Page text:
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Author Topic: HSUS List of Pet Financial aid-related organizations.  (Read 4790 times)
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My RB Angels Elvis, 1991-2010, and Twit, 2001-2010

« on: March 04, 2009, 07:01:43 PM »

Having Trouble Affording Your Pet?
Below is a comprehensive list of pet financial aid-related organizations, listed alphabetically by state.

If your organization is offering assistance (such as pet food, discounted veterinary services including spay/neuter, temporary foster care, etc.) to individuals who are facing financial difficulties due to the current economic situation, please let us know about your programs by emailing

Eventually they will understand,
Replied the glorious cat
For I will whisper into their hearts
That I am always with them
I just am....forever and ever and ever.
Poem for Cats, author unknown

"A kitten in the animal kingdom is like a rosebud in a garden", author unknown
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« Reply #1 on: March 04, 2009, 07:36:13 PM »

Adding help for Vancouver, British Columbia, Canada:

Vancouver Sun--Vancouver, British Columbia, Canada--

Free veterinary clinic: The SPCA runs a monthly free vet clinic at Mission Possible, 543 Powell St. Local veterinarians and SPCA volunteers donate their time primarily for preventive care (examinations and nail clippings, etc.). Animals requiring more extensive care are referred to the BC SPCA's Vancouver Animal Hospital.

Low-income subsidies: Through a special fund, the SPCA Hospital in Vancouver has limited resources available to help low-income pet owners care for their animals.
When people donate to the Galem account (named in memory of a dog whose $600 vet bill was paid by a complete stranger), the money is used to help these less fortunate families meet the medical needs of their animals.

Note--Mission Possible is also the site of Charlie's Food Bank, a pet food pantry.
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« Reply #2 on: March 17, 2009, 12:49:15 PM »

Help in the Nashville, Davidson County, Tennessee area:

Financial assistance with medical bills: The Brown Dog Foundation offers temporary financial assistance for pets' pressing medical expenses.

"At Brown Dog Foundation it is our mission to offer pet owners in temporary financial crisis an alternative to euthanasia when their pet faces a treatable life-threatening condition in order to restore the quality of life for pet and owner."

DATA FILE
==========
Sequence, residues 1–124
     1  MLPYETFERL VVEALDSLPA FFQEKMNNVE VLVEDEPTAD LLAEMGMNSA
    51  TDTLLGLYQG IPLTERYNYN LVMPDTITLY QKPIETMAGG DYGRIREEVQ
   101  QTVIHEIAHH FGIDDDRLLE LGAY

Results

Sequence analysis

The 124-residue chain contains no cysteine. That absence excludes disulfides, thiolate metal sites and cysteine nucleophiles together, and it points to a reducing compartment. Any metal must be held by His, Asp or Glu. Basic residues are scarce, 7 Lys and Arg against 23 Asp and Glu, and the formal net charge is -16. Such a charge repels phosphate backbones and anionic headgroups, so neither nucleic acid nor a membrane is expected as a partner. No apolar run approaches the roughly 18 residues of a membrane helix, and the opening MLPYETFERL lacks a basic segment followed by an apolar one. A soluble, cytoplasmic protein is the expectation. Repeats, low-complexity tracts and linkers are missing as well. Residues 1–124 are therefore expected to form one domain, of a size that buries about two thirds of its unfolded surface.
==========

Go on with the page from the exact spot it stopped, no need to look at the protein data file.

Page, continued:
"Spay and neuter: Some area low-cost spay and neuter clinics; call for prices and to schedule an appointment:

• Bellevue Animal Hospital. 7098 Old Harding Road, 615-646-7724

• Animal House. 223 Largo Drive, 615-834-6441

• People for Animals. 794-8925

• Value Vet. 2509 B Nolensville Pike, 615244-3040

• Other locations in Davidson County. Call the toll-free spay and neuter hotline at 866-907-7729

• The Nashville Humane Association's mobile unit Rover travels four days a week to multiple locations in around Nashville. Pet spay or neuter surgery is available and also pain medication, vaccinations, including rabies, with pet license, flea/tick treatment and nail trim. Participants qualify for the free service by bringing documents that show they are receiving the following assistance: food stamp card, disability letter, VA disability, last year's tax return statement, free school lunch program card, public housing rent receipt, section 8 letter, Social Security income proof or WIC documentation.

"To make an appointment, call 615-352-4030.

• Metro Animal Care and Control 2009 Public Rabies Vaccination Clinics will continue March 21 and 29. All pet owners are invited. Cost is $10 dog and cats. Clinic hours are 1 p.m.-4 p.m.
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« Reply #3 on: March 21, 2009, 10:15:41 AM »

Chattanooga, Tennessee-

Chattanooga Times Free Press March 20, 2009

"With the economy and home foreclosures making it harder for people to care for their animals, the Humane Educational Society’s Feed the Animals program can be critical for people and pets in the community.

"Created by David Hutton, Humane Educational Society animal protection services manager, the program helps prevent pet owners with financial issues from having to surrender their pets into shelters.

"In the last year and a half, the shelter has given out thousands of dollars worth of food, shelter, free alteration and other critical surgeries to help people who have lost their jobs or have some other serious reason that they cannot give their animals the care they desperately need, according to a recent HES newsletter.

“"I am proud of the amount of animals the program has been able to help and only hope that people continue to give to help those less fortunate,” Mr. Hutton said.

"Donations to the program can be made by calling the shelter at 624-5302, ext. 222, or visiting
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